Yet if a lot of people still don't like Jews, very few of them are in a position to hold anyone back. As a child growing up in suburban Detroit, writer Ophira Edut was teased about being Jewish, but the teasers were people with less education and fewer options than she had. "If you think about anti-Semitism as racism towards Jews, it's a little bit tricky, because we're not without power in the world as we have been many times throughout history," she says. "Yeah, there are ignorant fools and maybe they are brewing up explosives in their tool sheds, but I don't feel threatened by them on a daily basis. I don't go to sleep in fear that some guy is going to roll up in a four by four and put a pipe bomb in my Manhattan apartment."
Distance from anti-Semitism, both historical and geographic, has bred the impish heresy that dominates new Jewish culture. Jewish renaissance writers have reclaimed epithets like "hebe" (Heeb changed the word's spelling for design reasons) and "kike" much as gay activists have adopted "queer." They've embraced ideas about Jewish power too sensitive for their elders to utter -- Ruttenberg notes that, according to an essay called "Jews, Money and Social Responsibility," one third of the multimillionaires in America are Jews, while Heeb's Web site says, "We are doing our best to locate those vestiges of the tribe who are said to control the media, the government, Hollywood and international finance, and convince them to support this endeavor."
Their parents' paranoia has become the stuff of comedy. See Tim Sommer's mordant, hysterical "Under The Twisted Crust" in the debut issue of Heeb, a faux-expose of the embedded Nazi symbolism in a new Pizza Hut product. "The Twisted Crust Pizza is the primary feature in a recent Pizza Hut advertising blitzkrieg, a public relations assault executed with a mixture of the cruel efficiency of the Waffen SS and the Golem-worthy scorched-earth strategy of Stalin's Red Army," he writes. Sommer proceeds to draw our attention to the disturbing parallels between the words "Twisted Crust" and the German word for Swastika, "Hakenkreuz," which literally means "Twisted Cross." Sommer decodes it all for us, "Twisted Crust = twisted cross = chewy and tasty little swastika = the bad ol' days weren't really that bad."
Not surprisingly, this sort of thing doesn't amuse parts of the Jewish establishment. "Some people have been livid and others just disgusted," says Bleyer about the older Jewish community's response to the title Heeb. Sure, some old-school Jews are delighted by the resurgence of Jewish identification among the young -- J.J. Goldberg, editor of the Jewish newspaper The Forward, has called Heeb "delightful," and The Joshua Venture, an organization partly funded by Steven Spielberg which aids Jewish entrepreneurs, gave Bleyer $60,000 to start her magazine. But Abraham Foxman, national director of the Jewish watchdog group The Anti-Defamation League, has publicly excoriated Heeb.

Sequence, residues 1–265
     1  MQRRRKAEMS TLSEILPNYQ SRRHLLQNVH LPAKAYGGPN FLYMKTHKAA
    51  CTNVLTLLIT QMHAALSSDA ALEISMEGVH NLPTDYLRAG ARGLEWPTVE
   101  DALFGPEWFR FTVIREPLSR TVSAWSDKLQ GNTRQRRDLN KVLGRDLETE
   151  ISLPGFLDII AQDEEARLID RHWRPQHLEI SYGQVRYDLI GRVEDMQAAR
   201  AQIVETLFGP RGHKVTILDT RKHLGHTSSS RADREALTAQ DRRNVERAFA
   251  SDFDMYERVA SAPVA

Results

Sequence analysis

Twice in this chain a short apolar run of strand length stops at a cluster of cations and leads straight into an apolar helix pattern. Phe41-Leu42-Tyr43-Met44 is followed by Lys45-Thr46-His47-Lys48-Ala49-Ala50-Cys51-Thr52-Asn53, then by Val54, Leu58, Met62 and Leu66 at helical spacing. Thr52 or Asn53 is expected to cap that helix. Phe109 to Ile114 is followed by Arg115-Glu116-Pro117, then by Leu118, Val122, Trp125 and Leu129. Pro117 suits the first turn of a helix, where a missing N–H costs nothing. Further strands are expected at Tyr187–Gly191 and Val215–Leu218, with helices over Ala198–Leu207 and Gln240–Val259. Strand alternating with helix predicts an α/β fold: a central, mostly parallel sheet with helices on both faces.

"It's counterproductive, silly, infantile and insensitive" to try and get attention by "using an epithet that is insensitive to Jews," he says. He's also complained that "Mirroring Evil" is a "slap in the face" to Holocaust survivors like himself, one that he says is especially repellent coming from a Jewish institution. "I expect a certain level of sensitivity, understanding, reverence from the Jewish museum," he says.
But this only underlies the fact that for younger American Jews -- particularly urban Jews -- their conflict is less with gentile society than with the Jewish old guard. "There is definitely alarmism," Edut says about old-school Jewish watchdog groups. A contributor to "Yentl's Revenge" and a consultant for Heeb, Edut also maintains the Web site Ophira.com, which is full of saucy slogans like "The Jewess is Loose!" While she has gotten a "couple of freaky neo-nazi emails," she has also received missives from "angry rabbis calling me a self-hating Jew."
While neither message really threatened her, she saw the rabbi's responses as emblematic of a suffocating strain in traditional Judaism. "The fact that my site was irreverent in any way meant that I wasn't having the proper respect for the culture," she says. "I went to a Yeshiva for kindergarten and part of first grade. They teach you a lot of fear. They taught us to fear the outside world. A lot of Jews, they don't want to lose Judaism, but they don't want it to be so boring and stifling of expression and individuality. It can be so joyless."
Joy is perhaps the cornerstone of the attempt to craft new Jewish selves. Because anti-Semitism no longer imposes an identity on them, young Jews today have the immense luxury of self-definition. Awash in options unknown to immigrant ancestors, liberated from the garish grasping of the suburbs, they're able to make a Jewish culture that borrows from the past -- the raucous anarchism of the Lower East Side, the creative lunacy of Lenny Bruce and Allen Ginsberg, the traditional Jewish passion for social justice and civil rights -- that are newly relevant and totally contemporary.
Judaism is no longer inseparable from notions of being lost, rootless, adrift. Jews are finally at home, and not only in Israel. "My music editor went to Israel a few times when he was young and he really wanted to feel some intense connection there, but he just didn't feel it," says Bleyer. "He feels more connected when he's walking around the streets of the Lower East Side. This is the promised land. Here it is."
Michelle Goldberg is a Brooklyn-based freelancer whose work has appeared in Salon, The Industry Standard, Shift, Speak, the National Post and newspapers nationwide.